So, what sets Failure to Launch apart from every other romantic comedy churned out over the past twenty years? As far as the meat of the story goes...nothing. Nothing at all. Still, some sharp dialogue and a surprisingly great cast keep the standard issue storytelling bobbing above water.

I'm not the biggest fan of McConaughey's choice of movies, but he's a consistently charismatic lead, and he and Parker have a kinda-believable spark of chemistry between them. The fact that the movie makes Sarah Jessica Parker seem remotely appealing is a hell of an accomplishment, considering the shrill squeals she uses to punctuate the slapstick and her, um, mannish, weathered looks. The scenes between Paula and Tripp are passable but are almost always the least interesting in the movie.

I was really won over by the supporting cast, which includes turns by Zooey Deschanel, Kathy Bates, Terry Bradshaw, Rob Corddry, Patton Oswalt, and Stephen Tobolowsky. Several of those are bit parts, and Failure to Launch doesn't always take full advantage of their talents -- Oswalt, one of the most brilliant comedians walking the earth, is wasted with a thankless "nerds like Star Wars!" gag-role, and Bates just kind of stands there and smiles -- but the rest of 'em are really what make the movie. Terry Bradshaw hadn't acted on the big screen since Cannonball Run all the way back in 1981 -- and even then, it was...y'know, Cannonball Run -- but he looks completely at ease in front of the camera. Bradshaw doesn't fuss with method acting or anything; he looks like he just stepped onto the set hoping to have a good time and just goes for it, and his enthusiasm is infectious. And that "partial nudity" that helped land the movie its PG-13 rating...? It's Terry's bare ass.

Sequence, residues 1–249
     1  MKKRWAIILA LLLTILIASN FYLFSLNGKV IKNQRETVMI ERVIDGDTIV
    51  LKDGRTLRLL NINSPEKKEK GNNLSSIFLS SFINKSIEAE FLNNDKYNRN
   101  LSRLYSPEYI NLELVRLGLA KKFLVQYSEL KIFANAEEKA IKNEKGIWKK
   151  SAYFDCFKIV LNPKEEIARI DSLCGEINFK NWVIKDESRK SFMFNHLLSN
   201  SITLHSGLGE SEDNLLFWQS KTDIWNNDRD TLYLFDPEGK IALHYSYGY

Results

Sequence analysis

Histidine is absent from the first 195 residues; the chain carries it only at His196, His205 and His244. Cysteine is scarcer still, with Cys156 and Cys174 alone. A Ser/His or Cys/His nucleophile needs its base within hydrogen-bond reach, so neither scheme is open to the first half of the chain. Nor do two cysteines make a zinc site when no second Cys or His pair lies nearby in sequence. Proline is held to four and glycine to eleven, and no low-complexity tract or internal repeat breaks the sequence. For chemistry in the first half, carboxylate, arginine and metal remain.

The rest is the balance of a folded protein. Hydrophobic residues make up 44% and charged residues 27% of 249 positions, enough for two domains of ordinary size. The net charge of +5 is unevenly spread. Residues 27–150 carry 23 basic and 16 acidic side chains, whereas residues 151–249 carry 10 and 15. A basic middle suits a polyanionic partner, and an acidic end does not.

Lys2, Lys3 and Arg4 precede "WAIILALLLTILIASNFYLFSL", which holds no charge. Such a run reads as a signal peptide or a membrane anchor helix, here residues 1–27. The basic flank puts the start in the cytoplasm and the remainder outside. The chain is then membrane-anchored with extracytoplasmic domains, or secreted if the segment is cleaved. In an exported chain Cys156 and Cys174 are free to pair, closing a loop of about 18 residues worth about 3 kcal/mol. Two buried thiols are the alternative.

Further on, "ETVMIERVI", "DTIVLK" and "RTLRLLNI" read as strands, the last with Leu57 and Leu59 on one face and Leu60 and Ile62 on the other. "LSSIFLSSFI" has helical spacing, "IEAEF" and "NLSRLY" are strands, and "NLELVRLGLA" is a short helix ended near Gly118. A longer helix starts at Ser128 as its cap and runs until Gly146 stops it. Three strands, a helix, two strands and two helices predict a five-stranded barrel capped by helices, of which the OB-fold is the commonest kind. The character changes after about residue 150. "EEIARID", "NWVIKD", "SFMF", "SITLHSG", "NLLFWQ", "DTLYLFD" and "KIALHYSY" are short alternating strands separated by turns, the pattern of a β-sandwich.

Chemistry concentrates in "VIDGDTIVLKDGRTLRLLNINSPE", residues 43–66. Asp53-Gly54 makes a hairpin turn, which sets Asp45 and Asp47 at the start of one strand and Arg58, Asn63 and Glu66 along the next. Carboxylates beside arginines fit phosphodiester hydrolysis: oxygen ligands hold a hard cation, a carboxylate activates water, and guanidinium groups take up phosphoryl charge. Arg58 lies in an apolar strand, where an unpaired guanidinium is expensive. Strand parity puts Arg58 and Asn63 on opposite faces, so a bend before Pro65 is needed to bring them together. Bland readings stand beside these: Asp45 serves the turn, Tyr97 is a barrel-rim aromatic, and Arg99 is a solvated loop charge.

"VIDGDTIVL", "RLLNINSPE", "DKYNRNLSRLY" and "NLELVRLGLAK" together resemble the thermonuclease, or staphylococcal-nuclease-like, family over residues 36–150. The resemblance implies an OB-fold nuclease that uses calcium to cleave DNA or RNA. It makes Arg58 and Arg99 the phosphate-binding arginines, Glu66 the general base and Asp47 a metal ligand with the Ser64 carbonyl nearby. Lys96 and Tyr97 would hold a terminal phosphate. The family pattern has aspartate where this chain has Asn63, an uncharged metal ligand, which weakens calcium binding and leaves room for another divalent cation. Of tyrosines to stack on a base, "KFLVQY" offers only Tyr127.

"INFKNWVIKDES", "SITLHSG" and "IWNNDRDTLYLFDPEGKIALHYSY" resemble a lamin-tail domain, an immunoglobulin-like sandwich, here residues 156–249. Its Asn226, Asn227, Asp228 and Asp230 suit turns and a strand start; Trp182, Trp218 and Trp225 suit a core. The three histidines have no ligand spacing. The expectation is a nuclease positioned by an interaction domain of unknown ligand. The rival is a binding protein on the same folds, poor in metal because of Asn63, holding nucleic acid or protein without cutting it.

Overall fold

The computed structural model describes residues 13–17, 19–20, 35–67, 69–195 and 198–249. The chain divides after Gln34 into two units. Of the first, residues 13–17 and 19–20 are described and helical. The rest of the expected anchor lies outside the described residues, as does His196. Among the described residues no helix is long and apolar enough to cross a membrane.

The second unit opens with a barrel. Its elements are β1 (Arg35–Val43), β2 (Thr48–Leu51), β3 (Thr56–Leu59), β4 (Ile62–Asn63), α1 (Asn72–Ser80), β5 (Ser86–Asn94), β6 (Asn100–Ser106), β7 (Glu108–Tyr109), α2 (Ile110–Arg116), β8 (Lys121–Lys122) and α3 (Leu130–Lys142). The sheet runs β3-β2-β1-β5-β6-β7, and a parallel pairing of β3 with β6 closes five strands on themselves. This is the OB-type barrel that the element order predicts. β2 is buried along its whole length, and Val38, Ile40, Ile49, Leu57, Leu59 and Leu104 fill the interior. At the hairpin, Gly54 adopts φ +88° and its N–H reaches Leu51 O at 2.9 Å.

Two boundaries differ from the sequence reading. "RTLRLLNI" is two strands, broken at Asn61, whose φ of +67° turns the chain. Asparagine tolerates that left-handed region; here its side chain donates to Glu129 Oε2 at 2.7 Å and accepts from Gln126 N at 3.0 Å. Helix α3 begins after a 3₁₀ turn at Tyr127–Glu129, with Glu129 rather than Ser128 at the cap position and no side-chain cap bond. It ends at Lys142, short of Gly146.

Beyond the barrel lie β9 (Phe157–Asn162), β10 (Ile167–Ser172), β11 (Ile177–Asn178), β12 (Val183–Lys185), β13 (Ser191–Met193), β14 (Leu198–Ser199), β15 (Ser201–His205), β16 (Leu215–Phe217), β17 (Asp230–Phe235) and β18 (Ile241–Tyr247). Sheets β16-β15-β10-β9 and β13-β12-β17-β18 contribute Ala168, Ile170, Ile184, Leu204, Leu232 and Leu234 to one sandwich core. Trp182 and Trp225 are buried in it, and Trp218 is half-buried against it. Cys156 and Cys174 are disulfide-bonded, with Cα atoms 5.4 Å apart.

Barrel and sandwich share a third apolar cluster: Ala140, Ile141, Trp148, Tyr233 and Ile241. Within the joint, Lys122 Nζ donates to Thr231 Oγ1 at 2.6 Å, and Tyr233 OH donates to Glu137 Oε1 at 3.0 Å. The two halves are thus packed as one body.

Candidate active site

Zooey Deschanel is responsible for landing nearly all of the movie's laughs as Paula's dryly sarcastic, Bud Light-swilling roommate. Her subplot about wanting to gun down a mockingbird whose relentless, atonal skwawking has left her dangerously R.E.M.-deprived made me wish that that was the movie. Point and mock in my general direction if you want, but there's a bit with some avian CPR that made me laugh hysterically for almost every frame of the entire scene, and a lengthy exchange between her and The Daily Show's Rob Corddry as a gun salesman sparkles with wit. The rest of comedy is hit-or-miss, most glaringly with one running gag with Tripp getting bitten by an increasingly bizarre set of animals. It's sarcastic-finger-quotes-wackiness that feels awkwardly shoehorned into the movie, and when some moderately exotic lizard snickers after taking a chomp, I felt like I was watching a Caddyshack sequel or something.